The Admiral Watson left for the j
Westward this morning at 2:30.
The Al-Ki will be southbound to
The Spokane is due from the south 1
The Northwestern sailed from Sc-i
xttle last night.
The Alamedh is due southbound on
The City ot Seattle sails from Se
The Mariposa left southbound this
morning at eight.
MOVE OVER TO COAST
Of course, we can get along with
out, but a few gentle showers would
not be amiss in this part of the coun
try about now.?(Whitehorse Star.)
"All of the noys all the time." "?
jj The Sanitary Grocery |
G. BLOMGREN. Prop.
y IF IT'S IN THE MARKET?
WE HAVE IT! |
STRAWBERRIES AND FRUITS |
will be in season very soon and j
? we will be well supplied to look M
I after your needs.
Ring us up and get ' J
what you want?
when you want it.
I he Sanitary Grocery S
Instruction on Violin an?! Bani Instruments
Walter A. Coleman
Formerly musical director for Svo years at the
Orphcum Theatre, anil at mo>it of the leading
Cafes In Seattle
I CALL 28?RAYMOND'S j
for fresh fruits and Vegetables
WE CARRY THE LARGEST ASSORTMENT IN TOWN
Get Your Strawberries from lis. New Goods on Every Boat ;
H. J. RAYMOND 8 GO. j
I OLDEST BANK IN ALASKA
THE B. M. BEHRENDS BANK
ESTABLISHED 1S91 INCORPORATED 1911
TOTAL KES6UKC.ES OVER 51,000,000. .
B. M. BEHRENDS PRESIDENT
J. R. WILLIS VICE-PRESIDENT
GUY McNAUG-HTON CASHIER
WE HAVE EVERY FACILITY FOR HANDLING BANKING BUSI
NESS IN ALL ITS DEPARTMENTS TO THE VERY BEST ADVANT
AGE OF OUR CUSTOMERS
Why this man bought a
"I have been investigating several of
the recent makes of machines, seeking
for one of simple construction for ordi
nary manuscript and letter writing. I
was nearly ready to buy a machine of
another make when I just happened to
see for the first lime the Remington
Junior, and found it to be tlx very thing
The man who wrote this is the postmaster of a small
Southern town. He is only one of thousands who have
recently bought a Remington Junior. But his reasons
apply to everybody?they apply to YOU.
The Remington Junior is our latest product and the
latest idea in typewriting.
It is strictly a'high-grade machine.
3 It has the Remington Name, the Remington Guar- .
antee, the Remington Quality?everything Remington /
except weight and bulk. /
A "Simplified Remington" describes it exactly. /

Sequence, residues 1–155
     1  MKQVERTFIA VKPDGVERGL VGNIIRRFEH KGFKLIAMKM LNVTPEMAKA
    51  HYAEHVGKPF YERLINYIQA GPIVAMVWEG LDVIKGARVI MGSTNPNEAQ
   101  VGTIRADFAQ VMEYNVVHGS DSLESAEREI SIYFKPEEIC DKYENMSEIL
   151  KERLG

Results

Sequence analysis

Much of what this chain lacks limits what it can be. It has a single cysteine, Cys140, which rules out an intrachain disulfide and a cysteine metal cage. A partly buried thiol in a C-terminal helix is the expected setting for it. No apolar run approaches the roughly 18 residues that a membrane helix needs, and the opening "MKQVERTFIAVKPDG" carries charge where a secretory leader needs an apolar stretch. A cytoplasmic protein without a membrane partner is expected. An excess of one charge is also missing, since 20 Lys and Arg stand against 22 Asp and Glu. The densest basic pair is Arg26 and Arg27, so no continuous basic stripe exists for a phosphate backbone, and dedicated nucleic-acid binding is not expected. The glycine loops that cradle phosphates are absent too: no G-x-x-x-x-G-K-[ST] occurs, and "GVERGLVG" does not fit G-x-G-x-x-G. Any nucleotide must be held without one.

And its price is $50.00 /
Remington Junior Typewriters will be sent "on examina- /
tion," without obligation to purchase. , R*min?ion
Easy payment terms can be arranged if desired. / Company
/ Please send me
/ your illustrated
Vfc ? ITP ?, / dcscriptivo booklet
Remington Typewriter /
/ I shall bo glad to bavo
. you uend jnc a Reming
"t^0inpa.ny / ton Junior Tjycwriter cu ,
~ * i examination. This request
(Incorporated) / docs not obligate me to pur
I. E. FISHER, Salesman /
2nd Floor - - Malony Bldg. /
j What Does a "Wet" I
i Vote, Mean? f
(Juneau Dry Club, Extra No. 2.) ?
I They tell us a wet vote will mean something like thirty thbus
and dollar:; of saloon money poure-i into the cO.v treasury. Hut is this <?
ALL it means? Let us see. It may mean that in mere dollars and J J
the city, but let >ur look a little luruier. < ?.
Who .will puy that, thirty thousand dollar the saloon men? Not ?
In a thousand years! Who then? Why, the patrons of the saloons,' <,
of course. And they will pay over the bars of the 19 saloons of Ju- ?
neau not less than ten times thirty thousand dollars during the year, x
> THREE HUNDRED THOUSAND DOLLLARS tnken from laboring o
< men. clerks, business and professional men, fathers, husbands, sons, ?
> and poured Into the slimy tills of the 19 hell-holes of Juneau in one
> year for?WHAT? Why, for the purpose of getting back one dob ?
j lar for every ten paid In. Who pays the saloon licenses and taxes? J
Who, indeed! How would you like to sec Uiat three hundred thous- o
> and dollars turned into the channels of legitimate trade?the gro* $
? ceries, bakeries, clothing stores, shoe stores, meat markets," news- x
stands, banks,' etc.? What would it mean to YOU if this were done? j>
> What would it mean to your neighbor? What would it mean to the j
> laborer, the miner, the carpenter, the painter, the dressmaker, the *
:s "movies." the mothers, tho wives, the boys and girls, the HOMES? ?
And that Is only the dollar side of the question. If the dollar ^
argument fail3 the saloon hasn't a leg left to stand on. So let's all ?
"get together" on May 24th and X
KILL THE SALOON
JUST RECEIVED! j
Balmaean Rain Coats, Children's Rain Coats and |
UNDERWEAR SPECIAL?Ladies, Children's and |
Grown-Ups Union Suits, at 50c Per Garment. %
MRS. BERRY'S STORE |
THIRD AND FRANKLIN STREETS ?' J